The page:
Trust plays a large part in Magna Carta. At the games save points you can talk and give gifts to the characters in your party in order to build up trust. A close relationship between the characters makes maintaining your Leadership bar much easier. The Leadership bar is the gauge you'll see in a battle that must be filled to certain points in order for your units to attack. Your characters are free to move around in battle but the Leadership bar will only fill when they are standing still. When your Leadership bar is sufficiently filled you just move your chosen character so that their action radius touches the enemy in question. When you've done this a Trinity Circle will appear. With a standard attack you'll have to press three buttons in time with the trinity circle in order to perform an attack (the buttons used are the X and the circle buttons). Should you fail to time a button press correctly, no attack will be performed. As well as the standard attack there's the combo mode (where one Trinity Circle is immediately followed by another) and a counter mode (where the button icons are hidden) with the idea being that you already know the attack pattern of the enemy in question so you'll know what buttons to press to launch a powerful counter attack. If you time your button presses well you'll receive a 'Great' message. This will increase your Trinity Drive gauge by 5%. When the gauge has reached 30% or more you can do a Trinity Drive attack, which is much more powerful than the usual attacks.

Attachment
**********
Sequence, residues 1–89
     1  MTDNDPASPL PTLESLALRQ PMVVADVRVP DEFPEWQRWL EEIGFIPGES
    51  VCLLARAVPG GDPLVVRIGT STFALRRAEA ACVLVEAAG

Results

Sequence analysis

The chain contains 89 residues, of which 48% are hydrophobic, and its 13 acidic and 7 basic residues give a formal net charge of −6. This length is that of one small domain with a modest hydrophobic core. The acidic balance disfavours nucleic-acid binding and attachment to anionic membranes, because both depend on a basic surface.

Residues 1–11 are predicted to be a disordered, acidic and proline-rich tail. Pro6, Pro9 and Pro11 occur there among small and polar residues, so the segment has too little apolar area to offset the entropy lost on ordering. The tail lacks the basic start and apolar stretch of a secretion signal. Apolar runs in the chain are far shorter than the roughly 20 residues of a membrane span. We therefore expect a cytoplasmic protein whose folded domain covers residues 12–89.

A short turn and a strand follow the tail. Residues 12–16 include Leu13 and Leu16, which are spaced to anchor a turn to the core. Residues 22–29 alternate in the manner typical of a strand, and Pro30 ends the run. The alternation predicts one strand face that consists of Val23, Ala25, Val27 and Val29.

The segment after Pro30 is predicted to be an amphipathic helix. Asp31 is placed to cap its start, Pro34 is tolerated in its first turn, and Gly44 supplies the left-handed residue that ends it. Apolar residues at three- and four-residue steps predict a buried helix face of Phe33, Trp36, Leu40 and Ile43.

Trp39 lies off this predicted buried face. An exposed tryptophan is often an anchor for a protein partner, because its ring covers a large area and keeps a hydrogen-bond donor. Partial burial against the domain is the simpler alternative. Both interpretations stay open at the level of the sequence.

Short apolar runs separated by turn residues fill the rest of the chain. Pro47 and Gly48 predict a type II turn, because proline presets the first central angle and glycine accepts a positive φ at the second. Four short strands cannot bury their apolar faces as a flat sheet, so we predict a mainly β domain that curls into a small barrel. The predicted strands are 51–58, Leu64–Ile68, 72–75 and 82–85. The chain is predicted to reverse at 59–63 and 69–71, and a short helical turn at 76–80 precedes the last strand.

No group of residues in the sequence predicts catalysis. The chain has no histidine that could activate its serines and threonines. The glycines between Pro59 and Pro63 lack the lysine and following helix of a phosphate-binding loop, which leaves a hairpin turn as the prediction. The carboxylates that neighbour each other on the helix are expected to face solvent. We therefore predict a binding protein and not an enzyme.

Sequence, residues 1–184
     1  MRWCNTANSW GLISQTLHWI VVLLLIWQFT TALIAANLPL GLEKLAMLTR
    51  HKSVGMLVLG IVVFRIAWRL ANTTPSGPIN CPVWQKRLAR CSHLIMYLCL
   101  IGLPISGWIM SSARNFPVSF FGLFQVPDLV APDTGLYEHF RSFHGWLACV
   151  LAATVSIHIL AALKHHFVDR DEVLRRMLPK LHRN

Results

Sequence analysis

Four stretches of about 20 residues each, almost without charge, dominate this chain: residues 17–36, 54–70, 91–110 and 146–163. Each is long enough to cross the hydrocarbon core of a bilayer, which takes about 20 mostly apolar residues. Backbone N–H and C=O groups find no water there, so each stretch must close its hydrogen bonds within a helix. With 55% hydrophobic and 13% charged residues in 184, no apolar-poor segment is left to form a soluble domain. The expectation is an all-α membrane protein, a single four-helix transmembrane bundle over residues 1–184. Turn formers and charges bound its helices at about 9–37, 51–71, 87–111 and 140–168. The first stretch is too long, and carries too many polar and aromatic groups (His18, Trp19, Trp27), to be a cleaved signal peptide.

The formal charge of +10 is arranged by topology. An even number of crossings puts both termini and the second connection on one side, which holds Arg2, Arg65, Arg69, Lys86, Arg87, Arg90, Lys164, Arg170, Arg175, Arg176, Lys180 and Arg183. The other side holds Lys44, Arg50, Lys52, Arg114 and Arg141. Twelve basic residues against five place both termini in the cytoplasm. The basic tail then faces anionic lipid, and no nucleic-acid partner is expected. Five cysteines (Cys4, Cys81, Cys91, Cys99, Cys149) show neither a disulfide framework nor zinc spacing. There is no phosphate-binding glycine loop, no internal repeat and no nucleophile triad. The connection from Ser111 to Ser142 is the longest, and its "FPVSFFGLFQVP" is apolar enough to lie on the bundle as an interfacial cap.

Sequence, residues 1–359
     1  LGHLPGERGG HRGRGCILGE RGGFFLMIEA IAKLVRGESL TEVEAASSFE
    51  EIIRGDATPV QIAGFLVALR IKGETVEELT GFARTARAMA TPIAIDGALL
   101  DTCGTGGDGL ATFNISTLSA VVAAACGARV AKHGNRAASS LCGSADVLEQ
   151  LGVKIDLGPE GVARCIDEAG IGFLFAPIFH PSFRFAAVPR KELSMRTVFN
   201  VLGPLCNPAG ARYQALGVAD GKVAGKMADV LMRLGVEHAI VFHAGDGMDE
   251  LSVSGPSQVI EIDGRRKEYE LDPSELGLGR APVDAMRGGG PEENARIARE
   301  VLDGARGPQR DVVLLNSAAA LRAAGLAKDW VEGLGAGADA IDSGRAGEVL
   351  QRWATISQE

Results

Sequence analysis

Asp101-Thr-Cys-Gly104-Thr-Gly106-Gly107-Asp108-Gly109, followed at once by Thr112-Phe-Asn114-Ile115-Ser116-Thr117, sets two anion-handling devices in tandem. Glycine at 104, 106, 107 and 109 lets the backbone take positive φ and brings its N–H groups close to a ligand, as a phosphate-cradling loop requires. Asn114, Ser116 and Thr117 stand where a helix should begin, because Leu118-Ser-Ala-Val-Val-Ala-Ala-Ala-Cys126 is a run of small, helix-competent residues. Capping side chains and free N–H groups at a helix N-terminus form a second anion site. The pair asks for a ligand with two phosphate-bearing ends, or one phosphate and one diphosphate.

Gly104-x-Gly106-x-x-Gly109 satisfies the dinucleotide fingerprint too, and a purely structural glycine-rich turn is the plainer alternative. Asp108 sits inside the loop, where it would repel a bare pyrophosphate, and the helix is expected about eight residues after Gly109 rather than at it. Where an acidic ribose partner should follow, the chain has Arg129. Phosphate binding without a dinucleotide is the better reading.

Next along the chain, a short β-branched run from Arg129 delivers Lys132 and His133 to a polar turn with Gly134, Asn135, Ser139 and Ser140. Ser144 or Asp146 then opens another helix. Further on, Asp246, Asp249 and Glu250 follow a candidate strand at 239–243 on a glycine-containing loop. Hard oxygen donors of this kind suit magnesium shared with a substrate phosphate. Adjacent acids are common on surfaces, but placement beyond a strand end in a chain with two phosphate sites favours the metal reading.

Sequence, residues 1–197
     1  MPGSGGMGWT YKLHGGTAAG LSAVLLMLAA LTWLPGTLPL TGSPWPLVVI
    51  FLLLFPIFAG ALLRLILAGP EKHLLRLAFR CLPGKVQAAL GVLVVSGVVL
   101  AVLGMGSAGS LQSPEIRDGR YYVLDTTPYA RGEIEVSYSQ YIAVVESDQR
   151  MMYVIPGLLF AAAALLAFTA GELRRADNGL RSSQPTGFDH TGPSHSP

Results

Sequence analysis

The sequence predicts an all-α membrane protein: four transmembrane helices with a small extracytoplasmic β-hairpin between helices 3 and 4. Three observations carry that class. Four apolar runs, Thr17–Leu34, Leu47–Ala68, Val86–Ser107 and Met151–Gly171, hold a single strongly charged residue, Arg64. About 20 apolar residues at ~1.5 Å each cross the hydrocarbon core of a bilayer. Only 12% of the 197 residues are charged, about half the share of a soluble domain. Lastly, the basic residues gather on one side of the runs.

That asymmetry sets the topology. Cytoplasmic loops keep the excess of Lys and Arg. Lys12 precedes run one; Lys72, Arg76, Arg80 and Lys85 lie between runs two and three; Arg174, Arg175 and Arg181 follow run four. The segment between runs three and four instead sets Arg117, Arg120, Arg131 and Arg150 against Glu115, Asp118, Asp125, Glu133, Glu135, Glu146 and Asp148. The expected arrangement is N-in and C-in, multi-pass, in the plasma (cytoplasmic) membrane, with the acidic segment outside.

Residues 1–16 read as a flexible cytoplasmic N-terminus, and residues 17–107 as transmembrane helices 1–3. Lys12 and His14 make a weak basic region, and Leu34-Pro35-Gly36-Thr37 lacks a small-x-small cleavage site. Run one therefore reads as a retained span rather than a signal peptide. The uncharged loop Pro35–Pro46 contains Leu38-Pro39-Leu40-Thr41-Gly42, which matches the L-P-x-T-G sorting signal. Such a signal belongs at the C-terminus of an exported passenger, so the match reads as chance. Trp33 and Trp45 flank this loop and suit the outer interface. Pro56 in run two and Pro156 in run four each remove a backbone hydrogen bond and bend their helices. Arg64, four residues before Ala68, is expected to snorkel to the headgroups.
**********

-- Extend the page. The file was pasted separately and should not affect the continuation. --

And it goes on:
What's not so good about the game?
There's no getting away from the fact that the battle system in Magna Carta is going to be one you either like or strongly dislike. As you can see from our rather brief description of it in the previous paragraph it's not quite as straightforward as in most RPG games and to some this will prove irritating. Getting the timing of your button presses right is hugely important in Magna Carta and this will deter some gamers although it's not that difficulty once you get into the swing of things. That said, it's quite irritating (at least it is at first) that the three characters you take into battle all share the Leadership bar. It's also quite irritating that when trying to fill the Trinity Drive gauge any missed attacks will take the gauge back down to 0%. In short it's definitely not an RPG to play when you're half-asleep.
There have been a few RPG's where the male characters look rather effeminate but some of the male characters in Magna Carta really do look female in regards to the clothes, hairstyles and, in some cases, chest shape. The main character in the game, Calintz, really does look rather feminine and it's kind of off-putting to have this male character, who is out for revenge, looking like he's in drag. You half expect him to battle with a handbag. Surely some attempt should have been made to make him look like a man. Sure his voice is masculine enough, but deaf gamers aren't going to be aware of that. Load times, which are long and far too frequent are also annoying and at times will test your patience.